Nearly 15 percent of the kosher-certified items in the store are from Turkey, including rarely-seen six-pack bottles of ginger ale and the “Dime” brand bottles of cherry-flavored juice drink that are found in every store in Turkey. You can’t find them with a hechsher (kosher supervision symbol) anywhere in the country.

You have to come to Israel to find Turkish products with (Turkish) kosher certification.

Hana Levi Julian

Israeli FM Director Dore Gold Travels to Turkey in Aftermath of Bombing

Sunday, March 20th, 2016

Senior Foreign Ministry official Dore Gold has cut short his visit to the United States and is traveling to Turkey following the terror attack that killed three Israelis on Saturday morning in Istanbul.

Three Israelis and an Iranian were killed along with the terrorist; 39 people were wounded, including 11 Israelis.

Gold was in the U.S. to attend the American Israel Public Affairs Committee (AIPAC) conference.

Instead, he will visit wounded Israeli citizens who are hospitalized in Istanbul, and then meet with Turkish officials, according to Turkish media.

Numerous foreign consulates are located along Istiklal Street and around the immediate area where the attack took place.

This past Wednesday Germany closed its consulate and school in Istanbul due to credible security threats, according to the Turkish Daily Sabah newspaper.

The U.S. State Department condemned the attack in a statement released by spokesperson John Kirby.

“The United States strongly condemns the terrorist attack today on Istanbul’s Istiklal Avenue. We extend our deepest condolences to the families of those killed and our hopes for a quick recovery for those wounded,” the statement read.

“We will remain in close touch with Turkish authorities during the investigation. The United States stands in solidarity with our NATO Ally Turkey in combating the common threat of terrorism.

“This vicious attack is the latest in a series of indefensible violence targeting innocent people throughout Turkey – Turkish citizens and international visitors alike. These acts of terrorism only reinforce our determination to support all those across the region working to promote peace and reconciliation,” the statement said.

NATO Secretary-General Jens Stoltenberg also condemned the attack in a written statement saying there can be no justification for terrorism. He said, “NATO allies stand united with Turkey, determined to fight against terrorism.”

French Foreign Minister Jean-Marc Ayrault also condemned the attack.

“I strongly condemn this despicable and cowardly act that has caused the death of several people,” Ayrault said in a statement, adding Paris stands in solidarity with Turkey.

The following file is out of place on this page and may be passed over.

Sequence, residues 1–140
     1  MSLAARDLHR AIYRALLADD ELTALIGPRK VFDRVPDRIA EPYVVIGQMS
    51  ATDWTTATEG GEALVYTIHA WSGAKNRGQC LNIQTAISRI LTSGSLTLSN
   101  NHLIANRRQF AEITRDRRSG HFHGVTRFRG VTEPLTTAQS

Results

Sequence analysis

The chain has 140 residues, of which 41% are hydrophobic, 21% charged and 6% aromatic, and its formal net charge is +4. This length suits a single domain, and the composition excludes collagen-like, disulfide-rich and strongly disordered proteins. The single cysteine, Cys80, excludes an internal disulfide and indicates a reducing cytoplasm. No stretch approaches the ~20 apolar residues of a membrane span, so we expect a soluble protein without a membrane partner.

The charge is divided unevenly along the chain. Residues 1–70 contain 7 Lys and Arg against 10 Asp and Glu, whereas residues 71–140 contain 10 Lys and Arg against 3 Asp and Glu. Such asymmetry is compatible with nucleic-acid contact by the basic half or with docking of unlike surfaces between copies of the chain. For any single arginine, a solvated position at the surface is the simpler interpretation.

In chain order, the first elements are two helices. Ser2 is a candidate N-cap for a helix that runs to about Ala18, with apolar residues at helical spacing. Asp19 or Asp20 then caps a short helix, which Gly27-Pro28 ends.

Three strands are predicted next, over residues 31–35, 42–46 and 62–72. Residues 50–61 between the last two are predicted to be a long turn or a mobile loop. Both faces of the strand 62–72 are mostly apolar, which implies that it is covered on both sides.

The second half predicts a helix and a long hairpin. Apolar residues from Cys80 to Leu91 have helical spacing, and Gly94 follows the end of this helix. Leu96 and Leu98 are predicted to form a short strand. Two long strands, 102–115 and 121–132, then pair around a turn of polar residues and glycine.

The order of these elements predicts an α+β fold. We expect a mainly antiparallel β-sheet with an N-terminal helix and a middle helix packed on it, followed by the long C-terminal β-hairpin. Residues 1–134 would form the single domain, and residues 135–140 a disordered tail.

Turkey’s ruling Justice and Development Party (AKP) meanwhile has launched disciplinary proceedings against its media director and women’s bureau chief Irem Aktas, who tweeted on Saturday after the Istanbul suicide bombing, “Let the wounded Israeli citizens be worse, I wish they all died.”

Hatice Yücel, who heads Istanbul’s Eyüp district women’s branch, tweeted that the comments of party member Irem Aktas did not reflect AKP’s viewpoint. The tweet was deleted and Aktas’ social media accounts were shut down. The disciplinary proceedings against Aktas could result in her dismissal from the party, Yücel added.

Hana Levi Julian

Turkey, Iran Talk Unity on Syria as Kremlin Punishes Tehran

Sunday, March 6th, 2016

Turkey’s Prime Minister Ahmet Davutoglu met Saturday in Tehran with Iranian President Hassan Rouhani on the final day of a two-day official visit to the Islamic Republic.

Rouhani said cooperation between Iran and Turkey will play a positive role in the settlement of regional issues, according to Iran’s official Press TV.

“Iran and Turkey have common objectives and interests and must strengthen the foundations for peace and stability in the region through [improving] bilateral cooperation and focusing on the fight against terrorism as a common enemy,” Rouhani said.

“We believe that regional problems should be settled by regional countries and nations and Iran-Turkey cooperation will undoubtedly play a constructive role in establishing sustainable peace in the region,” the Iranian president pointed out.

The Iranian president said Tehran and Ankara enjoy great potential to expand ties in different sectors including transportation, energy, trade, joint investment, tourism, science and technology and expressed the country’s readiness to bolster cooperation with Turkey.

Davutoglu arrived in Tehran at the head of a high-ranking political and economic delegation on Friday hoping to expand the trade between the two nations to $30 billion – triple the current amount.

He told Rouhani that Ankara is determined to open a “new chapter” in relations with Tehran, according to Press TV.

The Turkish prime minister also “expressed Turkey’s readiness to cooperation with the Islamic Republic in the campaign against terrorism,” the state news agency reported.